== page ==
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In the screenshot below, I have been unable to decipher the Profession, Trade or Employment of Joseph Green in the 1841 Census at St Clements, Cornwall, England. To me the first word has three letters and looks a bit like "Pre" while the second looks like "MJ". The 1841 Census Abbreviations of Occupation have M. = Manufacturer and J. = Journeyman but that seems to be an odd combination.

Has anybody seen and deciphered a similar occupation or would like to offer their thoughts on what this one is?

Class: HO107; Piece: 147; Book: 3; Civil Parish: St Clements; County: Cornwall; Enumeration District: 9; Folio: 44; Page: 1; Line: 1; GSU roll: 241269

enter image description here

From other information his father Francis was a Butcher/Farmer and the occupations of his brothers were: Tailor (John Soil), Painter (Francis) and Publican/Butcher (Henry) so I suspect the occupation may be somewhere within the vicinity of one of those.

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The entry is best transcribed "Shoe M J", meaning shoemaker journeyman.

First, remember that the documents we are looking at are the enumerators' books. The householder would have filled in a household schedule, much like we have for the 1911 census, and then the enumerator would transfer the information over to the enumerator's books. Exactly what was written on the household schedule we will never know. The householder may have written out Journeyman Shoemaker, which was then abbreviated as per the instructions to the enumerator.

The abbreviations used on the 1841 census were quite standardized. The instructions to the enumerators of the 1841 census state:

Insert all other professions, trades, or employments, as they are described by the parties, or by others on their behalf, writing "J." for Journeyman, "Ap." for Apprentice, and "Sh." for Shopman, after the statement of the trade of those who are such. "Master" need not be inserted; every one will be so considered who is not entered as journeyman or apprentice. Time may be saved by writing the following words, shortly thus, "M." for Manufacturer, "m." for Maker, as "Shoe m." for Shoemaker, "Cl." for Clerk, "Ag. lab." for Agricultural labourer, which may include all farming servants and labourers in husbandry. Use no other marks or abbreviations but those herein allowed.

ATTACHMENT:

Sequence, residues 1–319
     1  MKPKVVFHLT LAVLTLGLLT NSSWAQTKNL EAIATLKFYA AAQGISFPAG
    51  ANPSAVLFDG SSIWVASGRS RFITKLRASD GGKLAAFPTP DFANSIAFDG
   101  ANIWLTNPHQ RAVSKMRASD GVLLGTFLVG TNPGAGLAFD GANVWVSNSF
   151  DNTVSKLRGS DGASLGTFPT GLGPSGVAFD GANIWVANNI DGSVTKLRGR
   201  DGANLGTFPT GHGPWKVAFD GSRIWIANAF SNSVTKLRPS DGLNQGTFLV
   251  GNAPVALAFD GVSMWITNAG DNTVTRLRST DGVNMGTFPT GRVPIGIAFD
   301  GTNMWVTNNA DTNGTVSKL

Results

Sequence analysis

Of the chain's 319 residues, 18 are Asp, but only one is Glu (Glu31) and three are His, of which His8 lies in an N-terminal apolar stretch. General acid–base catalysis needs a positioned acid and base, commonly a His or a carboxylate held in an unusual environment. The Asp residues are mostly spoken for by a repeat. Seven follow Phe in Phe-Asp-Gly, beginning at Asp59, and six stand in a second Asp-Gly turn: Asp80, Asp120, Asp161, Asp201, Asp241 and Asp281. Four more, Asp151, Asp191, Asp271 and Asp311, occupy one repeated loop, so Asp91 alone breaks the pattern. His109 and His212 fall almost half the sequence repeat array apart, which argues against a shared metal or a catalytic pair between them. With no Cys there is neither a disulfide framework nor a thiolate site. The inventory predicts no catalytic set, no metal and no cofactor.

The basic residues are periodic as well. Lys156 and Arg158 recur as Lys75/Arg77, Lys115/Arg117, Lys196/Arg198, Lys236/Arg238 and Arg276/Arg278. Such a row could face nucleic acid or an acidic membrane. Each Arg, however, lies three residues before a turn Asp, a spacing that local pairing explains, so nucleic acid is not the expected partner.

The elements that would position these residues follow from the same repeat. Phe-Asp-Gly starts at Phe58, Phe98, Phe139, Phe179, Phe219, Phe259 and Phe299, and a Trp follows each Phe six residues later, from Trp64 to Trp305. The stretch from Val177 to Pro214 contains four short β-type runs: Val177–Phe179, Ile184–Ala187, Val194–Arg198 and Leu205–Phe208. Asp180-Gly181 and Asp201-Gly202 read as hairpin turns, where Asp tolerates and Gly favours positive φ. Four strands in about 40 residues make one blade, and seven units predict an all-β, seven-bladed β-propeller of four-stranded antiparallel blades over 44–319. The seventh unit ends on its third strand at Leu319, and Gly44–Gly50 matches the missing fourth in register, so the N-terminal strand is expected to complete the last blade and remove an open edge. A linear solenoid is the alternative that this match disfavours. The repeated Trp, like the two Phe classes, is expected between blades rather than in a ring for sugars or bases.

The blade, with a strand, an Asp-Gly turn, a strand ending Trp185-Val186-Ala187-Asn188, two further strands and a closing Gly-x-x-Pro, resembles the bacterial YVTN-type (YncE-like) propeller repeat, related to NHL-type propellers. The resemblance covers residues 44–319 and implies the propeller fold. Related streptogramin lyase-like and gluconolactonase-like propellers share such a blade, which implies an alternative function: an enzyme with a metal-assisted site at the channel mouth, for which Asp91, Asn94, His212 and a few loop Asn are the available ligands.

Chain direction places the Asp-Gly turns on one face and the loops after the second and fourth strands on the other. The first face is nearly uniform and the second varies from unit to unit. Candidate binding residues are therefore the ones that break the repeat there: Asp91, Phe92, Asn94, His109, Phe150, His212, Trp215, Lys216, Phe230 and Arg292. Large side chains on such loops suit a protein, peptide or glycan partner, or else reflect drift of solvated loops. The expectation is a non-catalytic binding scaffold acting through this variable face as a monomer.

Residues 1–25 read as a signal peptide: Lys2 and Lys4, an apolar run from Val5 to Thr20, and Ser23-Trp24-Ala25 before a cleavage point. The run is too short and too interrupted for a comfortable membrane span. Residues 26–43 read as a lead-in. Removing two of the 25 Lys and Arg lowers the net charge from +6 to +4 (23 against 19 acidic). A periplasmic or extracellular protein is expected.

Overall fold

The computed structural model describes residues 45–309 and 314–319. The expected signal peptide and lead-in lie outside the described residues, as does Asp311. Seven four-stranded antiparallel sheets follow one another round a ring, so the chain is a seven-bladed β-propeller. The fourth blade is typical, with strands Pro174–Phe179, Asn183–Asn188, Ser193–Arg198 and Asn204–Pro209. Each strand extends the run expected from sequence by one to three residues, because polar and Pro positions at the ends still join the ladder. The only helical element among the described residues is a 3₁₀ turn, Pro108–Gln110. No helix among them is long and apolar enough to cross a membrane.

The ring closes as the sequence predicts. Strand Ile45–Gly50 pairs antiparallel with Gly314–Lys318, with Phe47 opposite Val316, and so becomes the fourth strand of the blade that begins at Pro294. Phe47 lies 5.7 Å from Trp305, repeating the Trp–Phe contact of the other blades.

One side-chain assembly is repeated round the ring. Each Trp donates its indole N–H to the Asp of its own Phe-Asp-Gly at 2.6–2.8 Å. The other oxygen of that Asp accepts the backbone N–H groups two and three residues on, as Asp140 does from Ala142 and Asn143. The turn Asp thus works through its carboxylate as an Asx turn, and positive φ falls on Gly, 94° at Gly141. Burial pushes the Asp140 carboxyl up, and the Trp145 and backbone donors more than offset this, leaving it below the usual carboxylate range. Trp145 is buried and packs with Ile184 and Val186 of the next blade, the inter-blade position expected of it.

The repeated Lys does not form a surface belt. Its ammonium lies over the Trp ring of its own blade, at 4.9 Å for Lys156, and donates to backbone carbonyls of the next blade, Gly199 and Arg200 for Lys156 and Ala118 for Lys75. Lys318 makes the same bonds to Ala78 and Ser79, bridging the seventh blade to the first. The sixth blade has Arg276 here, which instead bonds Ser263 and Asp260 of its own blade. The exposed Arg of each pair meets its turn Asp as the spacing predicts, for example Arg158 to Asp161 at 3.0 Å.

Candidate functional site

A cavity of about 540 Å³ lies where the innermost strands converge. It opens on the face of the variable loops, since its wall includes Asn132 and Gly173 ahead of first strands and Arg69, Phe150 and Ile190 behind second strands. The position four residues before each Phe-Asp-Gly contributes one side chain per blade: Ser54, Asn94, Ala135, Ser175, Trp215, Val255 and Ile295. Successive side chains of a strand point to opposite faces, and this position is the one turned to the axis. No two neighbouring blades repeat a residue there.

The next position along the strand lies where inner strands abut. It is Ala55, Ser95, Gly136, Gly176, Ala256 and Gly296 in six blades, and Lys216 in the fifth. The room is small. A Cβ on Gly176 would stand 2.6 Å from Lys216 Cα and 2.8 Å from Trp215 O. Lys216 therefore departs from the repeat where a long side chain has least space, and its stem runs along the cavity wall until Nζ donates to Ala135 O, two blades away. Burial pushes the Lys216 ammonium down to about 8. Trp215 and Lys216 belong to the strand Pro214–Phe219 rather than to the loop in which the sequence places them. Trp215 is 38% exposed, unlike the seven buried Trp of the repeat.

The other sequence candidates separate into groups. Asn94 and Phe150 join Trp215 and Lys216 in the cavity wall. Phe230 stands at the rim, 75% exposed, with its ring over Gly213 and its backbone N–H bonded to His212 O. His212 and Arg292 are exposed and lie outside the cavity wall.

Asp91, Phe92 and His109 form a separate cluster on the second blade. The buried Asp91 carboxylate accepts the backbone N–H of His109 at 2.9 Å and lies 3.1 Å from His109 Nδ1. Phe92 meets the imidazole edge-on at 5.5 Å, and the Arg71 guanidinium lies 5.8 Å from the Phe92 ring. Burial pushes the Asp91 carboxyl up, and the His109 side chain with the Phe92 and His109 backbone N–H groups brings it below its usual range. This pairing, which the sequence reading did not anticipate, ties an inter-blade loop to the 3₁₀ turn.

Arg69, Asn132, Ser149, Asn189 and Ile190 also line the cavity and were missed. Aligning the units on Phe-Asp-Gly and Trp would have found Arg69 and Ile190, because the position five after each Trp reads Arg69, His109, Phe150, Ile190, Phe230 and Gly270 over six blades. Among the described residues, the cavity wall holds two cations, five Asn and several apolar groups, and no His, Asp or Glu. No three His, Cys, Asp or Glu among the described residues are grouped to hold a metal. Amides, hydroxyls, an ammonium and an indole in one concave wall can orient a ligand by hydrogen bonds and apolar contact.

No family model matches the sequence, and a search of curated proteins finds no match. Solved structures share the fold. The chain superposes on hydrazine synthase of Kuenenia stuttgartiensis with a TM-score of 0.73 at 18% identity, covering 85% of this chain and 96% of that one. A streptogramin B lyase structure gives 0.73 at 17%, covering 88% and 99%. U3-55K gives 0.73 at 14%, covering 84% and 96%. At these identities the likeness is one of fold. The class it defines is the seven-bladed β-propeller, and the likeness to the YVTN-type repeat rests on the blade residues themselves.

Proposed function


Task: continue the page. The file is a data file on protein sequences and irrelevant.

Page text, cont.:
• J. is the standard abbreviation for Journeyman. A journeyman had completed his apprenticeship but was not yet a master. This seems quite plausible based on the subject's age.
  • The distinction between M. for manufacturer and m. for maker is a little less consistently applied, not least because it is sometimes difficult to tell whether the letter is capitalized or not. In this case, it does appear capitalized, but I would still suggest that the likely meaning is shoemaker rather than shoe manufacturer. Whichever is the case makes little difference in interpreting this occupation.
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I am a horrible reader of old hand writing but in 1840 there were still paper making guilds and making paper.

My guess that first word is paper, So manufacturing of and I would guess that it means a Journeymen Mfg of Paper as mention in this Google Book reference., I saw some other references too..

Though based on your edit of it being a shoe maker occupation: This document lists occupations associated with shoe making and the granularity of detail provided in the different census years. Those that list a journeyman level include; Currier, Shoemaker (which maybe they just listed "shoe" with the Mfg abbreviatons such as mentioned in the above linked Wikipedia article "m. - Maker e.g. Boot m." instead of completing writing out "bootmaker" or "shoemaker".), and Tanner that appeared on the 1841. though I fail to see any of any of those in the hand writing.